The competition has never been stronger.
While its roots can be traced back to Karl Benz's first ever internal combustion three-wheeler, the Benz Patent-Motorwagen, Mercedes-Benz as an automobile company was officially formed in 1926. It soon made a name for itself building peerless luxury automobiles that were technologically advanced while still offering world-beating performance. The Mercedes-Benz range has grown over the decades to encompass just about every size and shape of passenger vehicle around.
Some additions stretch the boundaries of the brand, such as the awkwardly proportioned CLA Coupe and upcoming X-Class pickup (which is unlikely to make it to the US), but the large luxury sedan is what Mercedes-Benz excels at and the S-Class in particular lies at the heart of its product range. The range-topping Mercedes models were officially named the S-Class in 1965 and each successive generation has been the benchmark in its segment almost without fail. Technologies like ABS, airbags, seatbelt pre-tensioners and numerous other passive safety devices all made their debut in an S-Class.
The latest generation has now been on the market since 2014 and it too offered some world-first technologies at its launch. Features such as automated parking, road-scanning air suspension and programmable seat massaging are still impressive 4-years on but are now available in a number of competing products too. The 2018 refresh has attempted to redress this imbalance and according to Mercedes-Benz, 6500 parts have been updated or revised in the process. Is this enough for the S-Class to retain its crown? Time to find out. The current S-Class range starts off with the base V6 S 450 and mid-range V8 S560 models.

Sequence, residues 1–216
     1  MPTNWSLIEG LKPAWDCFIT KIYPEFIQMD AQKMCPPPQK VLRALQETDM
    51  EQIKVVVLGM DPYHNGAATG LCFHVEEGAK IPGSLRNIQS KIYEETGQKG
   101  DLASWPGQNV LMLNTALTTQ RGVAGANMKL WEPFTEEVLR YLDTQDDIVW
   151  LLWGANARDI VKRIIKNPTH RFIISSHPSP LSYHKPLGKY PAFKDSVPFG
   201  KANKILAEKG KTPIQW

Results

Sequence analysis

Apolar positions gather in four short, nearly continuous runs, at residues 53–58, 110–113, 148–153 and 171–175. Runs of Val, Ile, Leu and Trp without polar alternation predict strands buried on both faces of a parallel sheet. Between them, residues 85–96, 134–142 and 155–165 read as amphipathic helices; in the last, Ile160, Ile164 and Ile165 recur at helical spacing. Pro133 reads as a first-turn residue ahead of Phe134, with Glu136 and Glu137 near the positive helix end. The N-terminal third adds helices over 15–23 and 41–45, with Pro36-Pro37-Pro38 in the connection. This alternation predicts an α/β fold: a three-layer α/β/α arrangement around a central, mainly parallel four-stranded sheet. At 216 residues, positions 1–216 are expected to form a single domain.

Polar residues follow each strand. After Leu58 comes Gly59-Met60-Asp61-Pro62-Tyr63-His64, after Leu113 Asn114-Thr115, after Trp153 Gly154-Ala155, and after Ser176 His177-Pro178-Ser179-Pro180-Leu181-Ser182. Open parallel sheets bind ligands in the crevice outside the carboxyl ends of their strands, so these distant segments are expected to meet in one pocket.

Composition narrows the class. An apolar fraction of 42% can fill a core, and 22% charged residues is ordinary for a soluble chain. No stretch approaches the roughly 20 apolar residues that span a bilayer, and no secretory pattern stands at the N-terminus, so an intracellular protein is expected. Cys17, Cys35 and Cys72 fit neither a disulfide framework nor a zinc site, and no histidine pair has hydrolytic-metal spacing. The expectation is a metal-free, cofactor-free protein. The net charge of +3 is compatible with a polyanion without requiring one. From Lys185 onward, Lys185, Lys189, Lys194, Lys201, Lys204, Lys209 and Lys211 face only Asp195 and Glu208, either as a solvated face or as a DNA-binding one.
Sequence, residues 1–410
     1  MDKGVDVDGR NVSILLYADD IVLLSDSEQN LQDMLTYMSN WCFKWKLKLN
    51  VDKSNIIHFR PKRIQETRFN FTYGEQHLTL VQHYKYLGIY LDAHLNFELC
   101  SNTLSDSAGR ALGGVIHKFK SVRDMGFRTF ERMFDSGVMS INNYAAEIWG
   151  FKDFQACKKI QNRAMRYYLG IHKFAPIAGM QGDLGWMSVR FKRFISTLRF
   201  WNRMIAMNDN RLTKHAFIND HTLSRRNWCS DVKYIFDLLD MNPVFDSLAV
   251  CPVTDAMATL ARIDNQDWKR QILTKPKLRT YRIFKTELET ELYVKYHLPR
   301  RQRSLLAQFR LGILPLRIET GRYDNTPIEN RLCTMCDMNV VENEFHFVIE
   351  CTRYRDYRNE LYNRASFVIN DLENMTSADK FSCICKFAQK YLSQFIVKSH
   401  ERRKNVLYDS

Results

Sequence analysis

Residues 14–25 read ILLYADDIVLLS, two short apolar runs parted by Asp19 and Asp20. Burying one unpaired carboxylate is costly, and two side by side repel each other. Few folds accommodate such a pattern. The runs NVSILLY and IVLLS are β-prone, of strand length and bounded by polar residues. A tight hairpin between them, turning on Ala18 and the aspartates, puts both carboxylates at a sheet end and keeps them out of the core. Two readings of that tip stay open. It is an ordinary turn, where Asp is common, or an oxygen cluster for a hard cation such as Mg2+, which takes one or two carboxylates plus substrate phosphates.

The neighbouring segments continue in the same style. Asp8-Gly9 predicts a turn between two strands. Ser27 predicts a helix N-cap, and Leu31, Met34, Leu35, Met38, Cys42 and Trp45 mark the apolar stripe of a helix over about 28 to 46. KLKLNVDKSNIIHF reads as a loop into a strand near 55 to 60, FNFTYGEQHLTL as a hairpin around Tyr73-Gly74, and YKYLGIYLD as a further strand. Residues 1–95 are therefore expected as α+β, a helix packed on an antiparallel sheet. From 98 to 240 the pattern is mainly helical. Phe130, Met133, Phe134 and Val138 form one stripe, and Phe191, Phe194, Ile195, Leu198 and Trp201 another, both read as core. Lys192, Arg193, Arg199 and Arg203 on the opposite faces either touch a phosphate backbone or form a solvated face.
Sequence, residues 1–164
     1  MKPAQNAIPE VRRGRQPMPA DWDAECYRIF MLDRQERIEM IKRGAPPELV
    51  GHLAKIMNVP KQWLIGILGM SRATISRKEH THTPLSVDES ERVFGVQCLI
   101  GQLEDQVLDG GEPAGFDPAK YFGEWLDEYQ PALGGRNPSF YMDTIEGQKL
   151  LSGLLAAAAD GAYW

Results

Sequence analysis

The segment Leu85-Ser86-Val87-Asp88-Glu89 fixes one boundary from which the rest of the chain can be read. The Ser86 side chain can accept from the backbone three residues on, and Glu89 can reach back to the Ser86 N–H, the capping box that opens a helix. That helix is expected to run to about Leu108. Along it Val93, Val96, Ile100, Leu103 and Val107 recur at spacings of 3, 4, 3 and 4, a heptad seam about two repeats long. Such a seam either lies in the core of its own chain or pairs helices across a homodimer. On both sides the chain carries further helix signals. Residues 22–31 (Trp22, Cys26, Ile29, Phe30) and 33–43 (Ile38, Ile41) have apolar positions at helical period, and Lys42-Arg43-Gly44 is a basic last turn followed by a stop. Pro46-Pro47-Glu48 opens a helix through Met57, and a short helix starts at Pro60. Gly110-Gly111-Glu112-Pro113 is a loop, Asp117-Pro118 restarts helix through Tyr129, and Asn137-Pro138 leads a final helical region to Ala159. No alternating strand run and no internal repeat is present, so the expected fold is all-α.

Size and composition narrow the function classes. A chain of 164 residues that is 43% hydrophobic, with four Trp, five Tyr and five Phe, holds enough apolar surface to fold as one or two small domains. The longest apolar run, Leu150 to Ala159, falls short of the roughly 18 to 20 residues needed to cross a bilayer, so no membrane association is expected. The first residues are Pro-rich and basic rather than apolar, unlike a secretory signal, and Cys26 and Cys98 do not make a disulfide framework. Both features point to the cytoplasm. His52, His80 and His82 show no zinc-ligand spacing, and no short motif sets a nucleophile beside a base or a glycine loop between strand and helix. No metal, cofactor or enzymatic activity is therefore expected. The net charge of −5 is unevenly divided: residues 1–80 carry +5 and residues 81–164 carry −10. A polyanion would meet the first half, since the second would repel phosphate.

The S 450 may be the entry-level model, but at $89,900 it is only a relative term here. Standard features include a new 3.0-liter twin-turbo V6 which makes 362-hp and gets this heavy sedan to 60 mph from a standstill in 5.4 seconds. One of the more unusual standard features is Energizing Comfort Control, a system which combines the climate control, fragrance system, seat heating, ventilation and massage features as well as lighting and music to enhance passenger comfort. The dual 12.3-inch digital dashboard displays are the more visible aspects of the advanced technological systems available while a comprehensive list of active and passive safety systems make the S-Class one of the safest vehicles on the road.
The S 560 adds a more powerful 463-hp 4.0-liter twin-turbo V8 under the hood and with it a 0.8-second reduction in the 0-60 mph time. Both models can be had in all-wheel drive versions too but what of the groundbreaking technical innovations that defined previous generations? Well, fans of conjuring will be interested in optional equipment such as Magic Body Control which scans the road ahead and adjusts the suspension settings to suit, Magic Sky Control which tints the panoramic sunroof automatically and Magic Vision Control which integrates the windshield washer jets into the wipers to improve visibility.
There are also other available options that do not resort to wizardry but may seem like they do such as the active lane keeping, blind spot and lane change assists. Fully autonomous driving is not on the cards just yet but the current systems are as good as any other system currently on the market. The AMG high performance brand has produced fast Mercedes' for decades but it was only as recently as 2005 when it became fully integrated in to the Mercedes-Benz fold. There are now AMG models for practically every model and the AMG S63 has proven to be a very successful variant.